A decent $2 bottle of wine? In 2009?
It's called Two Buck Chuck, it's available at Trader Joe's, and it is a game changer.
Produced by California label Charles Shaw (hence the "Chuck" name), these flavorful bottles of wine actually go for $1.99 to $3.49 depending on the store's region. It is reportedly "the brainchild of a publicity-shy Napa Valley winemaker named Fred Franzia, who shrewdly decided to cash in on California's current grape glut by going downmarket."
(In case you're wondering, there are actually fan blogs that sing the praises of Franzia and his Two-Buck Chuck.)
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The economics of frugal flavor
Trader Joe's provides some interesting background info on Two-Buck Chuck: "If there’s been one constant in our wine selection lately, it’s got to be Charles Shaw. Lovingly nicknamed 'Two-Buck Chuck' by a member of the wine press, these California wines have become something of a phenomenon in the wine world, and in our stores. Contrary to many an urban legend, these super-value wines began as the result of an oversupply of wine and a great relationship with a valued supplier."
The tasty $2 wine is sold exclusively at Trader Joe's locations throughout the U.S. (and some locations have it priced closer to $3 than $2). To find a store near you, check out their full list of locations here.
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The great American public likes it
Wine snobs with seven-digit bank accounts may or may not be Two-Buck Chuck regulars, but middle-class Americans seem to dig the wine -- the vast majority of amateur reviews online seem to be positive. One user posted this fairly representative comment on review site Viewpoints.com: "The Charles Shaw Merlot is a rich red California wine that still manages to be smooth despite the low price point."
"Those in our group who drink Merlot regularly have no issues with drinking a bottle of the so-called 'Three-Buck Chuck'. They happily imbibe it in the same manner that they would if they were drinking a $30+ bottle of red wine," she adds.
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Cheap Red Wine
For those ready to go (slightly) higher-end, there is a label of wine literally called "Cheap Red Wine." It is sold at many liquor stores, and also online at Hops & Grapes for $5.98 per bottle.
The wine describes itself thusly: "Our red table wine is a premium blend of varietal grapes. It is an honest, well made wine. We recommend it as an excellent everyday wine...that can also rise to the occasion."
I've actually had a bottle of Cheap Red Wine before (it was a gift) and was not terribly impressed. If you're going to drop $6 on wine, you might as well spend a little bit more (around 99 cents more) and invest in a fruity, delicious Yellowtail Shiraz. The Australian Yellowtail brand has its own fiercely loyal group of frugal drinkers.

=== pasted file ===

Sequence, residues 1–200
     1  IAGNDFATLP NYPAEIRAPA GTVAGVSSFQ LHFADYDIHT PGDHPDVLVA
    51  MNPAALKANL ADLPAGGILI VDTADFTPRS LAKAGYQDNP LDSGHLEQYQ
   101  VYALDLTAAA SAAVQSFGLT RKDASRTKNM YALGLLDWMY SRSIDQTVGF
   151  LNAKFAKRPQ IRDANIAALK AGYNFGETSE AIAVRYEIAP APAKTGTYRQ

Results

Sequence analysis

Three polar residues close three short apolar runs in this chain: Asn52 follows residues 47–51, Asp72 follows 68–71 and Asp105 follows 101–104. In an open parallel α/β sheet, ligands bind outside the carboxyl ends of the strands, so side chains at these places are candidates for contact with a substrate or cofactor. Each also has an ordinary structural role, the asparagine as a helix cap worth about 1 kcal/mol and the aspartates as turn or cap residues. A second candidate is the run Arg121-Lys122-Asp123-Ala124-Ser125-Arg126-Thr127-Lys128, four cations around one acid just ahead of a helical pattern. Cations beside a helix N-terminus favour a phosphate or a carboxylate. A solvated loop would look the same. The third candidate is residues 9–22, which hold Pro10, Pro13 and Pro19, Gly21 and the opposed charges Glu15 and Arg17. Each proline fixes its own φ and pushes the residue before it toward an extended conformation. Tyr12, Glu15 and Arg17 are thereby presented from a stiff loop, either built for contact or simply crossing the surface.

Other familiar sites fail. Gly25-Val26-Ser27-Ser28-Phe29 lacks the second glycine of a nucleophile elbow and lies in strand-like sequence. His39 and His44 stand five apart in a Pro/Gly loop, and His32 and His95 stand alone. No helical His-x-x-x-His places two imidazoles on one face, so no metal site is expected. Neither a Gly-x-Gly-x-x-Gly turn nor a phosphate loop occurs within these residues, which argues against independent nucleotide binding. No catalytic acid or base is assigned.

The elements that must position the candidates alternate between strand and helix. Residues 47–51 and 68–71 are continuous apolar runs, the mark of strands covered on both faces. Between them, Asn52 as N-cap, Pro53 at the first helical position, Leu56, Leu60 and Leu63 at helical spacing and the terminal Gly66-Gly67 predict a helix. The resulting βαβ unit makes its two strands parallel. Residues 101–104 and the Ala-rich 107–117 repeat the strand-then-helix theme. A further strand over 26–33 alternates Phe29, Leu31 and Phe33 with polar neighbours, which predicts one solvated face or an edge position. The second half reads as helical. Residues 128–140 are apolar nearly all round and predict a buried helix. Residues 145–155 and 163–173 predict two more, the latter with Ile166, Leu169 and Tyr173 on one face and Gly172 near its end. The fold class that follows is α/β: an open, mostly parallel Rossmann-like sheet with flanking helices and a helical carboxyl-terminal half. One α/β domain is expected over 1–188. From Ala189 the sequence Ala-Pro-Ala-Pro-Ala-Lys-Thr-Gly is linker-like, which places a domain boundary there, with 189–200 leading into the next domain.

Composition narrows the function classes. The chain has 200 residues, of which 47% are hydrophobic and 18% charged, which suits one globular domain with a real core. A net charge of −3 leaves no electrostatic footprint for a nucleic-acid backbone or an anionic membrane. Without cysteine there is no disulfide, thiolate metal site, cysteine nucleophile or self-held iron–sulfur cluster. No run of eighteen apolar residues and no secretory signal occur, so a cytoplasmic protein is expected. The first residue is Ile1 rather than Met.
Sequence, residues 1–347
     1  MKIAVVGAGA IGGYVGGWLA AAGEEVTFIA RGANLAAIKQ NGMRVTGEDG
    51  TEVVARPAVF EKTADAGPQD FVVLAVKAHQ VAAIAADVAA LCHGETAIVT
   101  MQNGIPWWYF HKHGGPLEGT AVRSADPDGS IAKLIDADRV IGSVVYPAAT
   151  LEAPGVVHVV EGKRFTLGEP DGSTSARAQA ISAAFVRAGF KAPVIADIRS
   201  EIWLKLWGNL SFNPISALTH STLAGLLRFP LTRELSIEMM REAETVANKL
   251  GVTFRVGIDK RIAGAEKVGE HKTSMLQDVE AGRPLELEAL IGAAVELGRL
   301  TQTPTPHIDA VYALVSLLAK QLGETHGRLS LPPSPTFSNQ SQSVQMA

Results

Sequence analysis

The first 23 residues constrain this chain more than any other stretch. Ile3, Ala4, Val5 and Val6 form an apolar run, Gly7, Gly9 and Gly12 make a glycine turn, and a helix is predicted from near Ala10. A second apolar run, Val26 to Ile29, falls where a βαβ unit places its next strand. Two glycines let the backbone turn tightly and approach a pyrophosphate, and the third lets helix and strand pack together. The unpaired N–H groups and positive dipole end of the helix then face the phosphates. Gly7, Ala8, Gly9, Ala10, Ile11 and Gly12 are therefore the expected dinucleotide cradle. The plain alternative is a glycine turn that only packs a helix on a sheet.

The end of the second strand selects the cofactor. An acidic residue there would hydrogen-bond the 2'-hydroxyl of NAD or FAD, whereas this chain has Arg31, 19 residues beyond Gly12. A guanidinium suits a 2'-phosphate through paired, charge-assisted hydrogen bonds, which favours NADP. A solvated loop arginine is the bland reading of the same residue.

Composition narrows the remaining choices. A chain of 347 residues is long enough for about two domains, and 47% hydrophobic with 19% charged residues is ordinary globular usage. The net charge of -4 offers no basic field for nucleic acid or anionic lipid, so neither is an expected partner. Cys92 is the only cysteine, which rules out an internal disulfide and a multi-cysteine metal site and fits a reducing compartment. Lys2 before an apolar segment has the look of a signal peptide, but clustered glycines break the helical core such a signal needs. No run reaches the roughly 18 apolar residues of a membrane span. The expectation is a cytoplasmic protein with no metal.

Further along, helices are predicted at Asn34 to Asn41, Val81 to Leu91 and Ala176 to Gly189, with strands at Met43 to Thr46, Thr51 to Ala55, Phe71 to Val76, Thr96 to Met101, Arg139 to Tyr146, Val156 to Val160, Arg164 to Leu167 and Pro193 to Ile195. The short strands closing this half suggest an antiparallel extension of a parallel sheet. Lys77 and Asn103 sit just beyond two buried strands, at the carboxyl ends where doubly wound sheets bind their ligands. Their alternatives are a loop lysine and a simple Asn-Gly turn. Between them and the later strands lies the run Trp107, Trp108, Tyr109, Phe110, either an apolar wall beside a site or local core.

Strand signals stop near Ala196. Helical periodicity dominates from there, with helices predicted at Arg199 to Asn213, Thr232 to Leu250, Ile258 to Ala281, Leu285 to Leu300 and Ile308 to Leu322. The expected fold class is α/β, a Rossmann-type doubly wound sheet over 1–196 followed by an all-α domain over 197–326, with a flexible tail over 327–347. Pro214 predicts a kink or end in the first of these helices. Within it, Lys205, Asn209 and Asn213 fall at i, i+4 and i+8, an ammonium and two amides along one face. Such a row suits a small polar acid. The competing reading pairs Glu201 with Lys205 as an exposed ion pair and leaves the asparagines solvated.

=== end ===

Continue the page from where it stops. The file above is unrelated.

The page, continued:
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This value-conscious winemaker sources its wine from vineyards in South Eastern Australia. According to the company, its wines have "incredible freshness and character year after year."
I have had Yellowtail many a time and can attest to the solid flavor... plus the company uses rubber corks, instead of actual corks. May not sound sexy, but rubber corks reduce the odds of getting a "bad bottle" to virtually zero.
What do other drinkers think? According to Viewpoints.com, "Yellow Tail Shiraz 2006 is liked for its fruit, spice, and vanilla flavors and reviewers also like its affordability and drinkability. Yellow Tail Shiraz 2006 is a 'Full Bodied and Really Well- Balanced Wine' and is 'Very Easy on the Palate.'" It can be had for around $6.99 per bottle in wine stores.
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Steel Reserve is a decidedly low-brow alcoholic beverage that describes itself as the "high gravity" malt drink... yeah, we have no idea what that means either, but it will get you drink. Drunk, I mean.
What do booze aficionados think of this one? Out of 338 reviews on BeerAdvocate, it gets an overall rating of D+ or "avoid." So maybe you should stick with Two-Buck Chuck. A 12-pack of Steel Reserve (monstrous 24 ounce cans) starts at $14.73.
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Olde English is an ultra low budget "forty ounce" malt liquor beverage. It is made by Miller Brewing Company.
The brand is enjoyed by under-age drinkers (so we hear) and by college students at raucous parties... even though it is dirt cheap and has a questionable flavor profile, it knows no economic boundaries: Harvard trust funders and G.E.D. pharmacy store night-shifters are equally likely to enjoy an Olde English-fueled game of "beer pong" into the wee hours of the morning. Drinking it is something of a rite of passage.
An amateur reviewer wrote: "Made me puke on first sip. [...] This was absolutely vile." But still, for $1.75, you can't expect too much.
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If you're looking to seriously cut down on your booze spending, consider learning how to make your own. Check out our recent article on DIY booze.
Finally, a do it yourself project I can really get behind.
(By the way, if we have left out your favorite frugal booze, let us know about it in the comments section!)
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